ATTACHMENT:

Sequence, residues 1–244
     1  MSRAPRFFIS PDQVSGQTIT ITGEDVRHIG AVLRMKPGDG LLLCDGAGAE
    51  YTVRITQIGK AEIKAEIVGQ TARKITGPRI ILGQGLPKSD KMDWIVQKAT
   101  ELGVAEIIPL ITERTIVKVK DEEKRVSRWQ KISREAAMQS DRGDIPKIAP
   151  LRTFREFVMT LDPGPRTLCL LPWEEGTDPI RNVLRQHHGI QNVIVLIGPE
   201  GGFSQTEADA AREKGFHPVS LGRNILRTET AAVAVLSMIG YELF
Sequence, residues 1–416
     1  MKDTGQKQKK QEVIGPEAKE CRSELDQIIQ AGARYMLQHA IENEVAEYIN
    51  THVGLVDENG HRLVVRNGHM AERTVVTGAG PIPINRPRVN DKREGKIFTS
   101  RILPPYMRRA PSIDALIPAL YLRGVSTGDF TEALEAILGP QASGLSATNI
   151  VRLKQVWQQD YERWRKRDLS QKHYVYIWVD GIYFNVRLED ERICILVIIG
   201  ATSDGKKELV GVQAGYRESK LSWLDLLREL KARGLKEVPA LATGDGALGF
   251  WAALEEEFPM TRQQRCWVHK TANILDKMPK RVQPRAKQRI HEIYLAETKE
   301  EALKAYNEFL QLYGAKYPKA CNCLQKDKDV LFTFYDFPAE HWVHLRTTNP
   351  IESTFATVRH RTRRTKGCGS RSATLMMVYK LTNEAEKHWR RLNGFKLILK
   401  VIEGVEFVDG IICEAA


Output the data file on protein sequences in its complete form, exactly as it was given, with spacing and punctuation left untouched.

Sequence, residues 1–244
     1  MSRAPRFFIS PDQVSGQTIT ITGEDVRHIG AVLRMKPGDG LLLCDGAGAE
    51  YTVRITQIGK AEIKAEIVGQ TARKITGPRI ILGQGLPKSD KMDWIVQKAT
   101  ELGVAEIIPL ITERTIVKVK DEEKRVSRWQ KISREAAMQS DRGDIPKIAP
   151  LRTFREFVMT LDPGPRTLCL LPWEEGTDPI RNVLRQHHGI QNVIVLIGPE
   201  GGFSQTEADA AREKGFHPVS LGRNILRTET AAVAVLSMIG YELF
Sequence, residues 1–416
     1  MKDTGQKQKK QEVIGPEAKE CRSELDQIIQ AGARYMLQHA IENEVAEYIN
    51  THVGLVDENG HRLVVRNGHM AERTVVTGAG PIPINRPRVN DKREGKIFTS
   101  RILPPYMRRA PSIDALIPAL YLRGVSTGDF TEALEAILGP QASGLSATNI
   151  VRLKQVWQQD YERWRKRDLS QKHYVYIWVD GIYFNVRLED ERICILVIIG
   201  ATSDGKKELV GVQAGYRESK LSWLDLLREL KARGLKEVPA LATGDGALGF
   251  WAALEEEFPM TRQQRCWVHK TANILDKMPK RVQPRAKQRI HEIYLAETKE
   301  EALKAYNEFL QLYGAKYPKA CNCLQKDKDV LFTFYDFPAE HWVHLRTTNP
   351  IESTFATVRH RTRRTKGCGS RSATLMMVYK LTNEAEKHWR RLNGFKLILK
   401  VIEGVEFVDG IICEAA